An average of three Virginians died of an opioid overdose every day in 2018 alone, according to data from the Virginia Department of Health.
But a new outpatient opioid treatment program opening in Waynesboro hopes to combat the public health emergency through medication assisted treatment (MAT).
The Mid-Atlantic Recovery Center (MARC) is opening its doors to patients on Friday on Pratts Run in the former UVa Primary Care location. Using medication combined with counseling and peer support, owner Natalie Broadnax said the center “wants to give people the chance to live the best life they can live.”
“There isn’t one single path that’s going to be suitable for every patient. When you first come in and you’re a new patient, you’re going to meet with our doctor for a full physical exam. We’re going to assess your overall health and the doctor determines whether or not your suitable for our program,” Broadnax said.
Patients will begin by coming to MARC daily for medication, combined with counseling four times a month.
Broadnax said she hoped to eliminate barriers to treatment including travel and cost, which led to selecting Waynesboro as the center’s location. There are currently 40 other outpatient treatment centers in Virginia including Verona, Charlottesville and Harrisonburg.
“Putting the clinic location here you avoid having to go over Afton mountain or up I-81,” Broadnax said, adding that MARC is accessible via the bus line as well.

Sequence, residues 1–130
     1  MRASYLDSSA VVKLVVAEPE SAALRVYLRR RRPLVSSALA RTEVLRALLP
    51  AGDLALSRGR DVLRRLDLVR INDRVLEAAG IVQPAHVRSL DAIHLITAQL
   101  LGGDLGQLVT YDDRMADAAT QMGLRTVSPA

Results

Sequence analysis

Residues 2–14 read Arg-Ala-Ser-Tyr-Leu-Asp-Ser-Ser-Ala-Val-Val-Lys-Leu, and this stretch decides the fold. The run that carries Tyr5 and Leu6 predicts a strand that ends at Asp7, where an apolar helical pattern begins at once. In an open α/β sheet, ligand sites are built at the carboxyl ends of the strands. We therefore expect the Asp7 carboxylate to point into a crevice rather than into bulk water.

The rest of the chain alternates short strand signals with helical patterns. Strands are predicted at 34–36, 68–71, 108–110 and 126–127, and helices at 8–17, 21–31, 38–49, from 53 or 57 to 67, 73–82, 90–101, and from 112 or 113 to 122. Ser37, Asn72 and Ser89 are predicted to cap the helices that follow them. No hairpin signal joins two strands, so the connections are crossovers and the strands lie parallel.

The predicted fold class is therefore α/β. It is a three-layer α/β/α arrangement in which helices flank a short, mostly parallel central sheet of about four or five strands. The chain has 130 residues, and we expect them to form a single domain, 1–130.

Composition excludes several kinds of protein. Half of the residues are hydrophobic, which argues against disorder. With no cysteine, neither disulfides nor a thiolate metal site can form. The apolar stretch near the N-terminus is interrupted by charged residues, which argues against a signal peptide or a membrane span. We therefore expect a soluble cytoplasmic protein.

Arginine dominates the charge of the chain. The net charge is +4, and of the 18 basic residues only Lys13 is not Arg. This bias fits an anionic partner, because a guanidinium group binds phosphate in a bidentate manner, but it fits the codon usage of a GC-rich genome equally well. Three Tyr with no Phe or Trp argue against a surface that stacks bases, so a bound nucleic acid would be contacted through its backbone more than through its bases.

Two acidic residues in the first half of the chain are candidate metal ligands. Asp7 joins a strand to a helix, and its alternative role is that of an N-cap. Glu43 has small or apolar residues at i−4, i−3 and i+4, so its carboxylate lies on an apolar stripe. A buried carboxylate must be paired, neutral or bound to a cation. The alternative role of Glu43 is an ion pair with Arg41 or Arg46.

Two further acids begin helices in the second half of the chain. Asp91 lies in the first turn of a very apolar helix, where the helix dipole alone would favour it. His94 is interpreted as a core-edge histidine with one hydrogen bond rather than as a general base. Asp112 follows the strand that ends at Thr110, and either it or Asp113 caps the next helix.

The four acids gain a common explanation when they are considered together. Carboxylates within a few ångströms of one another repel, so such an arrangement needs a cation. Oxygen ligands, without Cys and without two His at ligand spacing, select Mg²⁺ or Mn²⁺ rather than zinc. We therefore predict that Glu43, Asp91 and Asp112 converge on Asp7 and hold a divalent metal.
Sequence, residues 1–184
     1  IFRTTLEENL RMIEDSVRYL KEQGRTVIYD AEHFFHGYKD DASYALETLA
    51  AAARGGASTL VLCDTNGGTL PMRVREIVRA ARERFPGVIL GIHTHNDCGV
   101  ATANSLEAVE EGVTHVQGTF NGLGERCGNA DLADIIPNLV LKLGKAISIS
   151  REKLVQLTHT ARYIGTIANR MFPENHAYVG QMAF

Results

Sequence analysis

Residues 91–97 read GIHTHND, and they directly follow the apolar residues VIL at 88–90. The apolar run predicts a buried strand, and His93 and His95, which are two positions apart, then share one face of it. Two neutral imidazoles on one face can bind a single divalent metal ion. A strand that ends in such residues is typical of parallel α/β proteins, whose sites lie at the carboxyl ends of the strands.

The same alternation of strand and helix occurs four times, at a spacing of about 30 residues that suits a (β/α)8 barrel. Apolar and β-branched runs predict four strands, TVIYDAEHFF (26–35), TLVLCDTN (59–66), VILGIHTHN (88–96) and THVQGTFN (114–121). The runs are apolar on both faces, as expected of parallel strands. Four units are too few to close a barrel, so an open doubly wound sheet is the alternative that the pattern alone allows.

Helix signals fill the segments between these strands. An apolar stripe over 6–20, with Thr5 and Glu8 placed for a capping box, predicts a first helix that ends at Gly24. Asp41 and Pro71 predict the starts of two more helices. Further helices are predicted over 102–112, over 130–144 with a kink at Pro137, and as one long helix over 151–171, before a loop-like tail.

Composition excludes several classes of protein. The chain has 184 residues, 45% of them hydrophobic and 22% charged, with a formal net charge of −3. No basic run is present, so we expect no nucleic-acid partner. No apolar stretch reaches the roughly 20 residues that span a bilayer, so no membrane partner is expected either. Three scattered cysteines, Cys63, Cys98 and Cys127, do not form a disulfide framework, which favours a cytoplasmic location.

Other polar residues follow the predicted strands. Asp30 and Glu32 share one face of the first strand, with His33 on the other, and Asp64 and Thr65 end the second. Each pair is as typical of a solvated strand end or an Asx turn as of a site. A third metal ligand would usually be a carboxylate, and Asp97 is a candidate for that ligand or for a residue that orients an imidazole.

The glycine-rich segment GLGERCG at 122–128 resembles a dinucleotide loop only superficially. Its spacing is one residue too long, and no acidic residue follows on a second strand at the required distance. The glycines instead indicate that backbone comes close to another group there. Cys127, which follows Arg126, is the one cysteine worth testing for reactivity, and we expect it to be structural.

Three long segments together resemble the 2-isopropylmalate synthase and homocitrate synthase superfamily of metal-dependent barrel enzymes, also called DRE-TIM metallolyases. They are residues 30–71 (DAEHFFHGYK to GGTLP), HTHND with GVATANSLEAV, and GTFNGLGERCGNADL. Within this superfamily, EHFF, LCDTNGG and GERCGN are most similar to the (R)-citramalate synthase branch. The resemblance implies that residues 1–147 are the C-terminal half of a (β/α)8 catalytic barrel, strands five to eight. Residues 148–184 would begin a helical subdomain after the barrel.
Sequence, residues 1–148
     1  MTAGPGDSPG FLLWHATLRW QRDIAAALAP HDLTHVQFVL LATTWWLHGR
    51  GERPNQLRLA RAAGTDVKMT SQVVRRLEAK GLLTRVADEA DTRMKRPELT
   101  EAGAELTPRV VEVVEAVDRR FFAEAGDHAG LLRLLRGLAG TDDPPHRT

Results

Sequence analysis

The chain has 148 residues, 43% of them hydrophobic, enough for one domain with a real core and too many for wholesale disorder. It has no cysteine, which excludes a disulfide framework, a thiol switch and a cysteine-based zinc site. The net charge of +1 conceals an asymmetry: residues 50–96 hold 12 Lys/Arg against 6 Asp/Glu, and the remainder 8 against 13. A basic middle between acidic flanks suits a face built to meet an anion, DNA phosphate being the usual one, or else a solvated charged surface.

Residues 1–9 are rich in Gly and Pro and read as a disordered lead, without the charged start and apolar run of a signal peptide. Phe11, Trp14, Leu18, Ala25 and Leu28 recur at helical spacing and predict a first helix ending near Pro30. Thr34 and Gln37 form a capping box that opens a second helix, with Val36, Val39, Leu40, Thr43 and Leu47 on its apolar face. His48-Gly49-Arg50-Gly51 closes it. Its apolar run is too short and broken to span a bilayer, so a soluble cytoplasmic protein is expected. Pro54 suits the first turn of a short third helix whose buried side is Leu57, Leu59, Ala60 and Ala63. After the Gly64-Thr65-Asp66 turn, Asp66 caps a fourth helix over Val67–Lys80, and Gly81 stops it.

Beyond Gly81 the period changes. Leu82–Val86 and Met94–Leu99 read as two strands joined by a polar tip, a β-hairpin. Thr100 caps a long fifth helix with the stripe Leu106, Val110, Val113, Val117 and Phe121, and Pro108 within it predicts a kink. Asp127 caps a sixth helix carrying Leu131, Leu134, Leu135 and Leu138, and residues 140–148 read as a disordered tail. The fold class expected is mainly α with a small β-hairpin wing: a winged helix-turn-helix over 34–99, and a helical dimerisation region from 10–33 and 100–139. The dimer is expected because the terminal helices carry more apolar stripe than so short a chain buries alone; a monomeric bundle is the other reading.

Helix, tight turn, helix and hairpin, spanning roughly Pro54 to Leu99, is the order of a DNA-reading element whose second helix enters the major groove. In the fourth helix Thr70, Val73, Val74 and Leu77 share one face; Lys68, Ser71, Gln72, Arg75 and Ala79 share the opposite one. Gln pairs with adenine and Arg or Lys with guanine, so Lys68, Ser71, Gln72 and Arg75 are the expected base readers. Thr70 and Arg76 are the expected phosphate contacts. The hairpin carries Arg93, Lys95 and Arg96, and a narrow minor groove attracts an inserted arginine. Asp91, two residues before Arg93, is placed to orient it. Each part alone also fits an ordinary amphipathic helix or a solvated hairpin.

MARC does not charge yearly, admittance or physical exam fees. The only patient fees will be for medication which can be as low as $12 a day, Broadnax said. After 30 days, the center can accept Medicaid and plans to accept private insurance at a later date.
Counseling also is no additional charge to patients. Program director Matt Hahn said as a counselor, “we want to figure out what motivated you to become addicted in the first place. The key is treating those issues.”
Additionally, MARC hopes to reduce the stigma around opioid treatment. Hahn and nurse Karren Simonsen said a common misconception is that people on drugs have nothing better to do. In actuality, it can happen to anybody, they said.
“I’d say maybe up to 75% of our patients are not the heroin users that people imagine. It’s people taking over-the-counter medicines or that we’re legitimately prescribed opioids and can’t get off them now,” Hahn said.
“I think one of the easiest ways to tell if someone themselves has a problem with opioids is if you have trouble existing in your day-to-day-life without it,” Simonsen added. “It’s as simple as calling us. We’ll walk you through it. There’s nothing to be ashamed of. We don’t entertain stigma inside this building.”
The opening has been almost two years in the making for Broadnax who said she’s looking forward to having patients walk through their hallways and improving their quality of life.
“There have been a lot of small moments, but what’s going to do it for me is having a patient walk up and down the hallway,” she said. “It’s just that feeling of knowing people are in the building and maybe today is not going to be rock bottom for them. That’s worth it.”